Denial of Summary Judgment and Two Directed Verdict Motions Does Not Insulate Counsel from § 1927 Sanctions — De Novo Review of Legal Analysis and Statutory Interpretation

Holland v. Standley & Assocs., LLC, 2013 U.S. App. LEXIS 4881 (10th Cir. Mar. 12, 2013):

[Plaintiffs’ counsel] argues that the district court misapplied the principles governing imposition of attorney's fees sanctions under § 1927 when the court decided that he proceeded to trial without plausible evidence to support the abusive-language claim. He asserts that because the court denied Standley's motion for summary judgment on the claim and twice denied Standley's motions for a directed verdict, allowing the case to go to the jury, the court necessarily decided that there was a plausible factual basis for proceeding to trial. By allowing the claim to proceed, he contends it was inappropriate for the court to impose sanctions on him for continuing to pursue a claim with the court's permission. Also, he contends that the claim was plausible in law because Ms. Danielson-Holland had alleged that Standley's employee violated § 1692d(2) by using abusive language.

"We review an award of sanctions under § 1927 only for an abuse of discretion." Hamilton v. Boise Cascade Express, 519 F.3d 1197, 1202 (10th Cir. 2008). "But we review de novo any statutory interpretation or other legal analysis underlying the district court's decision concerning attorneys' fees." Steinert v. Winn Grp., Inc., 440 F.3d 1214, 1221 (10th Cir. 2006) (internal quotation marks omitted).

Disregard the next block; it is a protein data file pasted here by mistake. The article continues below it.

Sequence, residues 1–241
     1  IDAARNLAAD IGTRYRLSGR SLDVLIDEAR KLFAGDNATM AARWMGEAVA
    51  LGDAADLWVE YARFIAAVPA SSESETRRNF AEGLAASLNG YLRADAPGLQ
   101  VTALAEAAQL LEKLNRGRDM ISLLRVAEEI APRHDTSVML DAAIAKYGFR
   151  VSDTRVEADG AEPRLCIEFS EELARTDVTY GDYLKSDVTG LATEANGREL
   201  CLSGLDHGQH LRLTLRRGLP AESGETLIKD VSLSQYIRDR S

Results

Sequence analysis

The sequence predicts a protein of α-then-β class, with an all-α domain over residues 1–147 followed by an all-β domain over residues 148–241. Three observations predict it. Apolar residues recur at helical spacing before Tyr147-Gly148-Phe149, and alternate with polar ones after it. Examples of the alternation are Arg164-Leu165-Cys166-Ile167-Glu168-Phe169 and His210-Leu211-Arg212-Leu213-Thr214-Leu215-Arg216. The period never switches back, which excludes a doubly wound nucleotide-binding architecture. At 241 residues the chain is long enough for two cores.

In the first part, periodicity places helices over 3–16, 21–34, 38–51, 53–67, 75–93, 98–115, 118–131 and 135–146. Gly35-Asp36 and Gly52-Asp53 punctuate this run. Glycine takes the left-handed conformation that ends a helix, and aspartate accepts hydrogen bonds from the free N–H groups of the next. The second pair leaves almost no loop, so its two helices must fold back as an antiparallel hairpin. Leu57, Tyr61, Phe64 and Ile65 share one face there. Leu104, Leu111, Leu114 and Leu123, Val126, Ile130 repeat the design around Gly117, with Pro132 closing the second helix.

Under § 1927, "[a]ny attorney . . . who so multiplies the proceedings in any case unreasonably and vexatiously may be required by the court to satisfy personally the excess costs, expenses, and attorney's fees reasonably incurred because of such conduct." Section 1927 focuses on whether an attorney's conduct "imposes unreasonable and unwarranted burdens on the court and opposing parties." Braley v. Campbell, 832 F.2d 1504, 1510 (10th Cir. 1987) (en banc). "Sanctions under § 1927 are appropriate when an attorney acts recklessly or with indifference to the law. They may also be awarded when an attorney is cavalier or bent on misleading the court; intentionally acts without a plausible basis; [or] when the entire course of the proceedings was unwarranted." Dominion Video Satellite, Inc. v. Echostar Satellite L.L.C., 430 F.3d 1269, 1278 (10th Cir. 2005) (alteration in original) (citation omitted) (internal quotation marks omitted). An attorney is expected to exercise judgment. See Braley, 832 F.2d at 1512. We will not "excuse objectively unreasonable conduct." Hamilton, 519 F.3d at 1202; see also Riddle & Assocs., P.C. v. Kelly, 414 F.3d 832, 835 (7th Cir. 2005) ("If a lawyer pursues a path that a reasonably careful attorney would have known, after appropriate inquiry, to be unsound, the conduct is objectively unreasonable and vexatious." (internal quotation marks omitted)). An attorney must "regularly re-evaluate the merits" of claims and "avoid prolonging meritless claims." Steinert, 440 F.3d at 1224.